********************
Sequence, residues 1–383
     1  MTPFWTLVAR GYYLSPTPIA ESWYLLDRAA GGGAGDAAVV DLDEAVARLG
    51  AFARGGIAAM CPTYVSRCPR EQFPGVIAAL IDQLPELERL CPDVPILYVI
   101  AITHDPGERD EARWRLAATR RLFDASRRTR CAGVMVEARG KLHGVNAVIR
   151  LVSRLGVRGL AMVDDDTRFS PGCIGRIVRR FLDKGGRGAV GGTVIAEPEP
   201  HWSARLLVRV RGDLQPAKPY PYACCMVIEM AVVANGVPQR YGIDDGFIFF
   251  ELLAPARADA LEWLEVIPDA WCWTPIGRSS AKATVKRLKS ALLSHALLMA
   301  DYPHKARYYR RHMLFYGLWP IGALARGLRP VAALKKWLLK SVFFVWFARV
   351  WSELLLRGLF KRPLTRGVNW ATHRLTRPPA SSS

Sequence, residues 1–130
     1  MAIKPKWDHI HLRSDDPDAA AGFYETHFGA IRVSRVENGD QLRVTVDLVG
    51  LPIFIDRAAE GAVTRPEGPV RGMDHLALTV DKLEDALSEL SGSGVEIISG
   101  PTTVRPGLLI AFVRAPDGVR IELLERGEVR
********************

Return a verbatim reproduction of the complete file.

Sequence, residues 1–383
     1  MTPFWTLVAR GYYLSPTPIA ESWYLLDRAA GGGAGDAAVV DLDEAVARLG
    51  AFARGGIAAM CPTYVSRCPR EQFPGVIAAL IDQLPELERL CPDVPILYVI
   101  AITHDPGERD EARWRLAATR RLFDASRRTR CAGVMVEARG KLHGVNAVIR
   151  LVSRLGVRGL AMVDDDTRFS PGCIGRIVRR FLDKGGRGAV GGTVIAEPEP
   201  HWSARLLVRV RGDLQPAKPY PYACCMVIEM AVVANGVPQR YGIDDGFIFF
   251  ELLAPARADA LEWLEVIPDA WCWTPIGRSS AKATVKRLKS ALLSHALLMA
   301  DYPHKARYYR RHMLFYGLWP IGALARGLRP VAALKKWLLK SVFFVWFARV
   351  WSELLLRGLF KRPLTRGVNW ATHRLTRPPA SSS

Sequence, residues 1–130
     1  MAIKPKWDHI HLRSDDPDAA AGFYETHFGA IRVSRVENGD QLRVTVDLVG
    51  LPIFIDRAAE GAVTRPEGPV RGMDHLALTV DKLEDALSEL SGSGVEIISG
   101  PTTVRPGLLI AFVRAPDGVR IELLERGEVR